NO ALTERNATIVE: Malcolm Matambanadzo was illegally evicted from a Salisbury street warehouse, but an interim court order has allowed the residents to return. Picture:Paballo Thekiso

Thabiso Thakali

Malcolm Matambanadzo is beside himself with rage. Last week he stood across the street, watching helplessly as authorities removed his personal belongings from a two-storey warehouse building in Salisbury Street in the Joburg CBD.

In the process, he lost his passport, education certificates and money. He was rushed out of the building at lunch time after the City of Joburg building inspectors declared it unsafe for habitation.

Matambanadzo was living in one of Joburg’s bad buildings – a ruined shell of what was once a commercial property – now targeted by the city in a three-month campaign to enforce health and safety regulations in the inner city.

“Look, this is the only place I can afford to rent in the city,” he says. “We are not animals. We are human beings and we are trying to make ends meet.

“I have been moving around the city since 2003 because I could not afford rent in most the refurbished residential flats. I had finally found a home here where I could afford to pay R850 a month.”

Matambanadzo is one of hundreds of mostly migrants, disabled and elderly people living in the warehouse structure at the corner of Kruis and Salisbury streets which was illegally converted into rows of rooms.

Each of the 370 rooms is shared by at least four people. The floors and passageways are covered in stagnant water, the roofs are plastic and the walls separated by barbed wire.

“We used to have a caretaker who we paid our rent to,” says resident Benefit Tigore, an artisan who ekes out a living by doing piece jobs in nearby Chinese factories.

“I used to live in Hillbrow, but the rent became unaffordable for me over the years. I knew someone from Zimbabwe who told me about this place. It was cheaper and more convenient for me. I could reach most of the workshops and factories around here on foot.”

Tigore feared his eviction would mean he had to earn four times more to afford rental flats in the city.

So, last week, Tigore and Matambanadzo formed an impromptu committee to represent the residents in their resistance to the eviction and approached attorneys from Socio-Economic Rights Institute (Seri) to take on their case.

Most of Salisbury’s occupants earn a precarious living by selling vegetables, fruit and food in the area.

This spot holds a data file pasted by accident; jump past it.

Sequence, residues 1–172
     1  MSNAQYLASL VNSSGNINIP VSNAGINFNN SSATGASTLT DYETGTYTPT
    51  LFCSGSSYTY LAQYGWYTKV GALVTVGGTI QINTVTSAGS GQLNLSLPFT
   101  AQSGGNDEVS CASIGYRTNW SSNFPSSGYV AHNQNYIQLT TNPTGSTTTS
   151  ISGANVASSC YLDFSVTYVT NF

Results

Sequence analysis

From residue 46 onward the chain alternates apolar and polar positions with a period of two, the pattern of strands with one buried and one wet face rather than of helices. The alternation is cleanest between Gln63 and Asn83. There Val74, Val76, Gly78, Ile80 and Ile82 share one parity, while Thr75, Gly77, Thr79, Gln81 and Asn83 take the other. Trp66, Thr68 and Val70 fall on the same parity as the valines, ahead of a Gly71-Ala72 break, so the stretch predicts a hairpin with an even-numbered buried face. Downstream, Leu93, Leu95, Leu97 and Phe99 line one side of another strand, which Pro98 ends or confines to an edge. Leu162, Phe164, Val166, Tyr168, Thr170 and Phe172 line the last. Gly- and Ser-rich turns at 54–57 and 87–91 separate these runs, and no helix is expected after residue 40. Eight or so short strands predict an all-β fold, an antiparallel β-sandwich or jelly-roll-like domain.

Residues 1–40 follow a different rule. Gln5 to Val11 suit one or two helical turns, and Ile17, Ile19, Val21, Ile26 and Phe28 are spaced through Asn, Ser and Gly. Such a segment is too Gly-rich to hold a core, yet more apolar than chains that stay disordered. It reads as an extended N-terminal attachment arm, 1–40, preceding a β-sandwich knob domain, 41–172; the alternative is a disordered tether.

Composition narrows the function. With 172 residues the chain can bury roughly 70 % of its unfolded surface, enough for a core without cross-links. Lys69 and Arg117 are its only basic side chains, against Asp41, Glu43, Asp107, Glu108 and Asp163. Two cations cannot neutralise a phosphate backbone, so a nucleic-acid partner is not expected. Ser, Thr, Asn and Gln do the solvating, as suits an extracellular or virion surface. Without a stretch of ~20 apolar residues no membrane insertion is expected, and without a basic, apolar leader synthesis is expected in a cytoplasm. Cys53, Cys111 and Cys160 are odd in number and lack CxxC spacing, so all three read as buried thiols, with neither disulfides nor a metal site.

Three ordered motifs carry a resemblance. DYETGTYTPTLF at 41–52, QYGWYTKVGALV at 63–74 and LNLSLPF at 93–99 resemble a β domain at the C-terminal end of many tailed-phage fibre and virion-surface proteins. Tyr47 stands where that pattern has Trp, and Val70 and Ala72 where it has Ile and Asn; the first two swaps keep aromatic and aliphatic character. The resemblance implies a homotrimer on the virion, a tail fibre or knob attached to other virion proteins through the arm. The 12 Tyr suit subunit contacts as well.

In 2009, a Joburg Emergency Management Service inspection team visited the occupants and warned them of the building’s non-compliance with fire and safety regulations.

“They said there were not enough fire sprinklers in the basement and in the building itself,” Tigore explains.

“After that, we told the caretaker, who increased the extinguishers and the sprinklers. We recently had a fire breaking out in one of the rooms here, but we were able to put it out without seeking help.”

The outside world barely affects the occupants, except when police come to raid their building or city inspectors check on their living conditions. Nurses from Doctors Without Borders keep an eye out for potential outbreaks of disease with frequent visits to the rundown building.

But even by the standards of the rundown Joburg CBD outskirts, the people of Salisbury can be regarded as poor and vulnerable, says Seri attorney Osmond Mngomezulu.

“Any eviction of hundreds of people, especially the poor like these people, who have no alternative, is nothing less than a humanitarian crisis,” Mngomezulu says.

“Their eviction would have rendered them homeless. For them the choice of living is between the streets and the building they occupy.

“If the city considers the building so unsafe, then it would make sense if they offered an alternative to these people.”

Last week, Mngomezulu secured interim court relief preventing the eviction of Salisbury residents. He says their eviction was not an isolated incident in recent years.

“The circumstances of those who are poor and have faced eviction by either private business or the city are very similar,” he says.

“Our point of departure is that we do not want to see people being rendered homeless – particularly children, the elderly and disabled, who have nowhere else to go.”

Mngomezulu says there is a clear process of gentrification in the city, in which the poor are being cast aside to make way for those who can afford high rentals.

“Before 2007, evictions by the city on health and safety grounds were alarming, until the battle was won in court,” he says.

“Since then, we have seen an increasing number of unlawful evictions which are a clear violation of the constitution. It is so sad that the constitution provides for people not to be evicted without a court order, yet, as in this case, we had to go to court to get (it) enforced,” he says.

Standing outside the tiny room he shares with his brother, his wife and their two children, Matambanadzo furiously points at a pile of rubble in the passage.

“Look at that,” he says. “Do you think if we had a choice we would live in these conditions?

“No, but I would rather be inside here than be out in the streets.

“At least here we have electricity, a communal tap to share and bathrooms. Plus, I can afford the rent.”